Guiding Principles – Brown on Loisaba

15th June 2021

Samuel Lengalai (Brown) is from a local village close to the Loisaba Conservancy and has worked in the conservancy for over 12 years. Whilst he undertook a number of roles before becoming a guide, his passion was always the wildlife and he enrolled on his first guiding course in 2010.  Since then he has been growing his knowledge base and working his way through his guiding qualifications – now working towards his final (Gold) exam.

During a recent visit, I spoke to Brown about his love for his job, the region, and the wildlife and communities that call Loisaba home.




What do you think makes Loisaba so special?

The region is special because of its people, landscape, and unique wildlife. Loisaba also has a critical elephant corridor allowing for the safe movement of elephants and endangered species and this provides this wildlife safe and secure habitat with abundant resources required for them to thrive.

This region is made up of 42 different tribes (the dominant tribe being the Samburu), with small numbers of many ethnic groups which is really unusual – normally you’d only find one or two different groups in a region. But the people all interact well together. This successful interaction comes from everyone in the area (tourism businesses, research and conservation organisations and local communities) all working collaboratively with respect and with an understanding and appreciation of each other.

Tell us about the wildlife

You’ll find four (elephant, Cape buffalo, lion and leopard) of the Big Five here, and the conservancy has a progressive plan to reintroduce rhino to the region again after 50 years. There are and lots of other species besides, but the region also has a number of endemic species only found in the wild isolated areas of the most northern part of this truly diverse country: beisa, oryx, gerenuk, Jackson’s hartebeest, and the special grevy zebra which is larger in body size compared to the other species, stripes and also the social structure.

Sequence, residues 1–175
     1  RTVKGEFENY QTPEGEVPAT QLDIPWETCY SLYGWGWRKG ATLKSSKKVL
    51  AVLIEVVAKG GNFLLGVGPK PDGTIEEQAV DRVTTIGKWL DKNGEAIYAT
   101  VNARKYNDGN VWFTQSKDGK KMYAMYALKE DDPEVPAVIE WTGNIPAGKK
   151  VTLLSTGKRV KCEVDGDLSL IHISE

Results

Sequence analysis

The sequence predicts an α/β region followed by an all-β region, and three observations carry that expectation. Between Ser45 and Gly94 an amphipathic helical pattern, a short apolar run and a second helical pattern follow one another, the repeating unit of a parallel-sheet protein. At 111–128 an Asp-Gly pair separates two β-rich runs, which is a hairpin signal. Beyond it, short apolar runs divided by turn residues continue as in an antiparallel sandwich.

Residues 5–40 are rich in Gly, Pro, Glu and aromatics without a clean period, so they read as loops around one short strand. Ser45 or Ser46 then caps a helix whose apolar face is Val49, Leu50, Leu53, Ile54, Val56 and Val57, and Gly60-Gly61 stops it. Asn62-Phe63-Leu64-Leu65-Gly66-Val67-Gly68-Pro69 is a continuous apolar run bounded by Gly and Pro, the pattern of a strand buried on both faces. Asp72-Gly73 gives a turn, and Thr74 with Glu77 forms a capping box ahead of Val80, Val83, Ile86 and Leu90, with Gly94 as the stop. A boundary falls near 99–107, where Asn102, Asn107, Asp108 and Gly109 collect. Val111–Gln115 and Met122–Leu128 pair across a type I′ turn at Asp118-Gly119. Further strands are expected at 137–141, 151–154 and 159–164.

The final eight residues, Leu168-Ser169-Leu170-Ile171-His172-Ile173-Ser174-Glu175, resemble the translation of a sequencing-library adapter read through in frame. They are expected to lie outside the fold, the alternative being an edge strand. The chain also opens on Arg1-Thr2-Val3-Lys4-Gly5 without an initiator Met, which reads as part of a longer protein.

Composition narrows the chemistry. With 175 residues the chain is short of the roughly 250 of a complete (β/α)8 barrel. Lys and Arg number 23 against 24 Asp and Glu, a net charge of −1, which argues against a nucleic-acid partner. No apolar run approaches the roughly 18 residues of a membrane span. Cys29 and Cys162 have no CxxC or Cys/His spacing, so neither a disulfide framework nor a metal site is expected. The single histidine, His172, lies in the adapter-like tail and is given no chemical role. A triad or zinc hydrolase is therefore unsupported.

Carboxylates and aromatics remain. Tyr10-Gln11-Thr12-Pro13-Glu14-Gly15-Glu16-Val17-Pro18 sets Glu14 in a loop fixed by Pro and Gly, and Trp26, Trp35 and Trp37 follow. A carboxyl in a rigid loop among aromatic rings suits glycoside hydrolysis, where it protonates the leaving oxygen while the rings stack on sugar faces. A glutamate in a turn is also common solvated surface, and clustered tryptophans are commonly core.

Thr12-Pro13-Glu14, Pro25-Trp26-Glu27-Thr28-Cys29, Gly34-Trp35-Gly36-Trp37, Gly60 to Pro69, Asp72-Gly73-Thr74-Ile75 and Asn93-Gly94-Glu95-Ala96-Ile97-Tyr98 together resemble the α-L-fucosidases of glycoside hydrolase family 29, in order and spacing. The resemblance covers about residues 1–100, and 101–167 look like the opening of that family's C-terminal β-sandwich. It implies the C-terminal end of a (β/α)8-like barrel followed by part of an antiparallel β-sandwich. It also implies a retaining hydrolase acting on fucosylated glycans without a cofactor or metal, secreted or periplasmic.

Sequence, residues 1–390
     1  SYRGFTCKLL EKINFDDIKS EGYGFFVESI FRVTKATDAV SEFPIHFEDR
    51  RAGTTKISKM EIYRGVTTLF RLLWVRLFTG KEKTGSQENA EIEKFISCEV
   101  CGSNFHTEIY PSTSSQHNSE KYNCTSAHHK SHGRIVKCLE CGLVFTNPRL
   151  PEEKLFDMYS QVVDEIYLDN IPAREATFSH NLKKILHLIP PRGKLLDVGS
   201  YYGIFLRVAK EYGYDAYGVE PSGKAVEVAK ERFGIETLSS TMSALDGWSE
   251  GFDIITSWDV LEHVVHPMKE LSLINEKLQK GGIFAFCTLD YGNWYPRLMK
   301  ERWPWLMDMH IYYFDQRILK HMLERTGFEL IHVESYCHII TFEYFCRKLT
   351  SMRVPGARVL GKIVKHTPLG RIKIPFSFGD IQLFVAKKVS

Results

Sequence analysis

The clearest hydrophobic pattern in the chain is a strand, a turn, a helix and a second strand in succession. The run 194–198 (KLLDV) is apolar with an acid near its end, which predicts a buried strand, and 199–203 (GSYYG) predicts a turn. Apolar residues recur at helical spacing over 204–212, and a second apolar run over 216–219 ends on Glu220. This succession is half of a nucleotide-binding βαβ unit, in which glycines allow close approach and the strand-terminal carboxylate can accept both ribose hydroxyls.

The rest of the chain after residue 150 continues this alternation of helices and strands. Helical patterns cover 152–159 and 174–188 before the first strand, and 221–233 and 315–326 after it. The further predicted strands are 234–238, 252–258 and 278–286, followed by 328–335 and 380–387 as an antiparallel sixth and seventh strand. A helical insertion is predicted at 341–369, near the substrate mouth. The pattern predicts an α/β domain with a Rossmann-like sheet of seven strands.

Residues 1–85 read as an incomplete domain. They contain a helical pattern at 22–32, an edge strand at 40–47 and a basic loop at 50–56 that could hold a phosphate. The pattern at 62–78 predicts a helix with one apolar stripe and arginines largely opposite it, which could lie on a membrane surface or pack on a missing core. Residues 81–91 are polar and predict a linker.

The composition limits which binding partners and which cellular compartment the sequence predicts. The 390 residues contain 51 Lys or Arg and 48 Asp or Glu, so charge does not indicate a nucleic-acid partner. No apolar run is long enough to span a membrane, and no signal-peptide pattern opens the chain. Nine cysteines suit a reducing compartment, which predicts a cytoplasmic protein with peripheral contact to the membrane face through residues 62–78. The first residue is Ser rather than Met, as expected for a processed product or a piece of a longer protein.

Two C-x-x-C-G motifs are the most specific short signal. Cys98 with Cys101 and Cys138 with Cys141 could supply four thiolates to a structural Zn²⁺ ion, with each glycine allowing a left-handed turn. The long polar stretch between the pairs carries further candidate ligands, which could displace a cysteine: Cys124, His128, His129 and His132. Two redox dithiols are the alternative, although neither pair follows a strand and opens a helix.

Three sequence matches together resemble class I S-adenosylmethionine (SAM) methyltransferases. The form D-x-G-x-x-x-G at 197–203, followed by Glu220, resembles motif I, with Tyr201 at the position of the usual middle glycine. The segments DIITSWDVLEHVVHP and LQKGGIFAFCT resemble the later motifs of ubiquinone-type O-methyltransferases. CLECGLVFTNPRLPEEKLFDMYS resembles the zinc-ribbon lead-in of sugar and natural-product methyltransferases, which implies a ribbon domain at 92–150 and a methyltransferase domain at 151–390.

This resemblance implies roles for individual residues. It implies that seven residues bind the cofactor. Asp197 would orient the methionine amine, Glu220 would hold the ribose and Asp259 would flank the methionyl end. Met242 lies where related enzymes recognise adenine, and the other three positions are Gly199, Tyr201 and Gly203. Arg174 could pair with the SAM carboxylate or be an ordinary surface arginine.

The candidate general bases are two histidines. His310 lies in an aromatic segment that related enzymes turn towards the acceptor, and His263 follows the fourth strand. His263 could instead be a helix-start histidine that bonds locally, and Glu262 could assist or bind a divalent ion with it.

And your most memorable sighting to date?

Oh, this was an elephant giving birth early one morning. I realised what was happening and watched the scene unfold. As the female started to give birth she moved close to another female from the family unit and this was for the purpose of protection and support during labour: the rest of the unit waited a small distance away, but as the baby arrived they all ran towards the mother and they circled around her all sides – this was for protection, and some of them were excited and trying to touch the baby. The the baby got up within minutes of its birth, with the support of the mother and other family members. I felt extremely happy to see it happening: the labour was successful and it was such a special thing for me to witness and I felt so emotional. I stayed and watched as the family unit celebrated and I felt really connected to them all.

Any advice for visitors to the region?

Get to meet the local people and better understand their rich culture. As well as the landscape and special animals, you can try lots of different activities in Loisaba like bush walks, cultural village visit, camel safari, horseback riding, mountain biking and more.  The region is really good for children as they love all the active things they can do.

Tell us about your involvement in local community projects.

I have worked to introduce conservation to the local people and help them to understand how wildlife and people can coexist by sharing land together, and that tourists can support our conservation. Tourism coming into our country helps local communities, providing them with surstainable livelihood,by giving them opportunities to educate their childrens, build health facilities and also opening up for them to engage into different projects like bead working for women, and  cultural village visits for tourists to pay a visit into the village. The local people are now enjoying the fruits of the conservation effort done by Loisaba conservancy through different projects and also the support by Elewana also doing a project for the locals through Land & Life.

For more details and the best places to stay in the region, check out Elewana Loisaba Tented Camp, Elewana Loisaba Lodo Springs and Elewana Star Beds.